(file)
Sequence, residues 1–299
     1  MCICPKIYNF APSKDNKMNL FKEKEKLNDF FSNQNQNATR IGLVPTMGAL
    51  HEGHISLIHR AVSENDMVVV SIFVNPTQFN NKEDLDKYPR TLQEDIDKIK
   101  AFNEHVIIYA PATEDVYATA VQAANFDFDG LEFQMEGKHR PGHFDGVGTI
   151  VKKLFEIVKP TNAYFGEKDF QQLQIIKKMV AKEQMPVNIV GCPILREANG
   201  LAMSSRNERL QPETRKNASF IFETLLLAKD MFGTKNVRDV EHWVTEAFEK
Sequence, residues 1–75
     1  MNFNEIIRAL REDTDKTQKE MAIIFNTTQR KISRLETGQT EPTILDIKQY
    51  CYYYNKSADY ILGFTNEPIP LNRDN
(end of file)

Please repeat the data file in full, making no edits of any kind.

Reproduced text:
Sequence, residues 1–299
     1  MCICPKIYNF APSKDNKMNL FKEKEKLNDF FSNQNQNATR IGLVPTMGAL
    51  HEGHISLIHR AVSENDMVVV SIFVNPTQFN NKEDLDKYPR TLQEDIDKIK
   101  AFNEHVIIYA PATEDVYATA VQAANFDFDG LEFQMEGKHR PGHFDGVGTI
   151  VKKLFEIVKP TNAYFGEKDF QQLQIIKKMV AKEQMPVNIV GCPILREANG
   201  LAMSSRNERL QPETRKNASF IFETLLLAKD MFGTKNVRDV EHWVTEAFEK
Sequence, residues 1–75
     1  MNFNEIIRAL REDTDKTQKE MAIIFNTTQR KISRLETGQT EPTILDIKQY
    51  CYYYNKSADY ILGFTNEPIP LNRDN